(Ivanhoe Newswire) -- The current epidemic of childhood obesity could
start when some babies are just six months old.
Boston investigators analyzed data on 559 pregnant women and their children.
They found babies who gained the most weight during infancy were significantly
more likely to be obese at age three. Just a 1.5 pound difference at six months,
for example, conferred a 40 percent higher obesity risk.
"There is increasing evidence that rapid changes in weight during infancy
increase children's risk of later obesity," study author Elsie Taveras, from
Children's Hospital Boston, was quoted as saying. "The mounting evidence
suggests that infancy may be a critical period during which to prevent childhood
obesity and its related consequences."
While emphasizing more research is needed to pin down the link between early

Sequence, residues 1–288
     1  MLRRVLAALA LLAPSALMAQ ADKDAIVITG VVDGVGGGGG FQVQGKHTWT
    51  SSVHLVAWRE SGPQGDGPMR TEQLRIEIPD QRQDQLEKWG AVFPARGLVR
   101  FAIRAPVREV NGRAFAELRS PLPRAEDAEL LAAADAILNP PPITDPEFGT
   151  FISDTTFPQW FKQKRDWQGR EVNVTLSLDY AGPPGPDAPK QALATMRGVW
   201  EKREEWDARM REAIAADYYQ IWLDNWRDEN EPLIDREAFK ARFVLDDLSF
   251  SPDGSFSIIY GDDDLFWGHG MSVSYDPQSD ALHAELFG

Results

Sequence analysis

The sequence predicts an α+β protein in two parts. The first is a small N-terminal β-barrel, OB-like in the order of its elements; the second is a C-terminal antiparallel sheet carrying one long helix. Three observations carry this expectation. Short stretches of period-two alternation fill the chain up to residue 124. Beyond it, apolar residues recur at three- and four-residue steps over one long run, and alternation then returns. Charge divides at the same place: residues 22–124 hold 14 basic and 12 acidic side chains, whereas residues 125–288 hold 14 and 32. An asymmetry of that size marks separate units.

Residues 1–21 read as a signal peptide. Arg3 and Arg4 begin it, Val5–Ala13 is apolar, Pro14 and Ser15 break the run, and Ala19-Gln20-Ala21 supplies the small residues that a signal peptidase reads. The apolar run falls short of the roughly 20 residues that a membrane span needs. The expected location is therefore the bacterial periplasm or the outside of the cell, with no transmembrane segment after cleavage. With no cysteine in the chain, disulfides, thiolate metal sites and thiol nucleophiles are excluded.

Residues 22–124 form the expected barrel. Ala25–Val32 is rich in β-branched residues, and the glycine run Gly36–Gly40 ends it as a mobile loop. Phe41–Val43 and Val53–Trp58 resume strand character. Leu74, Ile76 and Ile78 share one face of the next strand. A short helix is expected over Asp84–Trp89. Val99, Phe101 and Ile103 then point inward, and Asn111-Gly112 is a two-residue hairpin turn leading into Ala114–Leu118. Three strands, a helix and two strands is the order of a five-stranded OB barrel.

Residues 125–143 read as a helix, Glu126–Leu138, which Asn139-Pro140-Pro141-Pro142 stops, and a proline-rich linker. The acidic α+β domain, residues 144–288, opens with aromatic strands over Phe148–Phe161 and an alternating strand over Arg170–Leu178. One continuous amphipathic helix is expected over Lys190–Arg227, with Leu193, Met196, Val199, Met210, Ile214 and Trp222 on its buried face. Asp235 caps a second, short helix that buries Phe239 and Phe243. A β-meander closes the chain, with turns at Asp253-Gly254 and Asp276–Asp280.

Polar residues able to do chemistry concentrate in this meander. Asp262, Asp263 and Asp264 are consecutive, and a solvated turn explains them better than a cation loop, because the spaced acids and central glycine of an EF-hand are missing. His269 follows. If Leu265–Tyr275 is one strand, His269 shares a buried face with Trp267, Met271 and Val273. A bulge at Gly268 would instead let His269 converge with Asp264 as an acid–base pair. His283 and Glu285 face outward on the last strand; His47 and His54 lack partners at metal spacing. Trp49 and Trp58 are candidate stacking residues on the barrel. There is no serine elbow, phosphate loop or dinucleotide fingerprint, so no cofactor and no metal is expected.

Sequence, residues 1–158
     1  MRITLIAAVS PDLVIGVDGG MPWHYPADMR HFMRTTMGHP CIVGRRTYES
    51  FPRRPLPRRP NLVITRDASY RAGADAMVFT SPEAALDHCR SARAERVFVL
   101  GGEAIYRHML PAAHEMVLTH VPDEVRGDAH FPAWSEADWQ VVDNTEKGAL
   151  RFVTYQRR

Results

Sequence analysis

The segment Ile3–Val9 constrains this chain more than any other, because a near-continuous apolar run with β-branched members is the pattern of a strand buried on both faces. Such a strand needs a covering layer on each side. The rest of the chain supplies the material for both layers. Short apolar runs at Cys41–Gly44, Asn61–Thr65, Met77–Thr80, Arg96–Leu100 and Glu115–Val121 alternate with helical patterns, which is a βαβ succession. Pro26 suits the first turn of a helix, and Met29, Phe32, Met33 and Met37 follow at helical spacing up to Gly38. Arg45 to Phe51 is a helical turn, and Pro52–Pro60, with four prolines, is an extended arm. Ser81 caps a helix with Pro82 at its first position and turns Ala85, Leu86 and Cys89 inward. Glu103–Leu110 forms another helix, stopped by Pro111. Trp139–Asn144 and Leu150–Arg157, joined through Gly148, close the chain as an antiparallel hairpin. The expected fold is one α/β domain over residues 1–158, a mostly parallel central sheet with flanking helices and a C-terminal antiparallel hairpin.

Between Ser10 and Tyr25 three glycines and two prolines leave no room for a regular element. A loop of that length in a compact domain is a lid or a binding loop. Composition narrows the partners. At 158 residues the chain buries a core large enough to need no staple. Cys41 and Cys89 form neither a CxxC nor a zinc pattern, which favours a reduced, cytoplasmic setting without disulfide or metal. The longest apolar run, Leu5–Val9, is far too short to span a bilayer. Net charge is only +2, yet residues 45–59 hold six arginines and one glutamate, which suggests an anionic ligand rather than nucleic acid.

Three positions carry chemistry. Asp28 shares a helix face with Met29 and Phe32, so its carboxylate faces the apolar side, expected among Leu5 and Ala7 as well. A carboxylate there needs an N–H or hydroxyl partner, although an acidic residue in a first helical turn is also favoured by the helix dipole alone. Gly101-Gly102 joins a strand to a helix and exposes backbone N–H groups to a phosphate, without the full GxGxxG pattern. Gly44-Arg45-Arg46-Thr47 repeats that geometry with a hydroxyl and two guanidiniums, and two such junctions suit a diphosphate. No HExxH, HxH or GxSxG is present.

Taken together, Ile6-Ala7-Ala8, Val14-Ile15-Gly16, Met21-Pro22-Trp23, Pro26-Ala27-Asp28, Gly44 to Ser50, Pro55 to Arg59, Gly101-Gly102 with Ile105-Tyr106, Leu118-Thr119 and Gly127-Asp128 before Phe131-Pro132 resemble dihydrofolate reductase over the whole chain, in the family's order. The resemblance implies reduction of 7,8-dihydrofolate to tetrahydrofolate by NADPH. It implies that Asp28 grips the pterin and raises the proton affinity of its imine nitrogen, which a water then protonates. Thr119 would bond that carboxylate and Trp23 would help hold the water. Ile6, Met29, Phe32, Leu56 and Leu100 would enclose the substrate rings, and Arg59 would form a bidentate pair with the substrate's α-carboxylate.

weight gain and later obesity, the investigators believe these findings suggest
a need to rethink our traditional views of what a healthy baby looks like.
"There is still a lot more we need to understand about the mechanisms of how
this all fits together," continues Taveras. "But this data clearly shows how the
earliest interventions might actually have very long-term benefits . . . we need
to find out how to modify weight gain in infancy in ways that balance the needs
of the brain and the body."
SOURCE: Pediatrics, published online March 30, 2009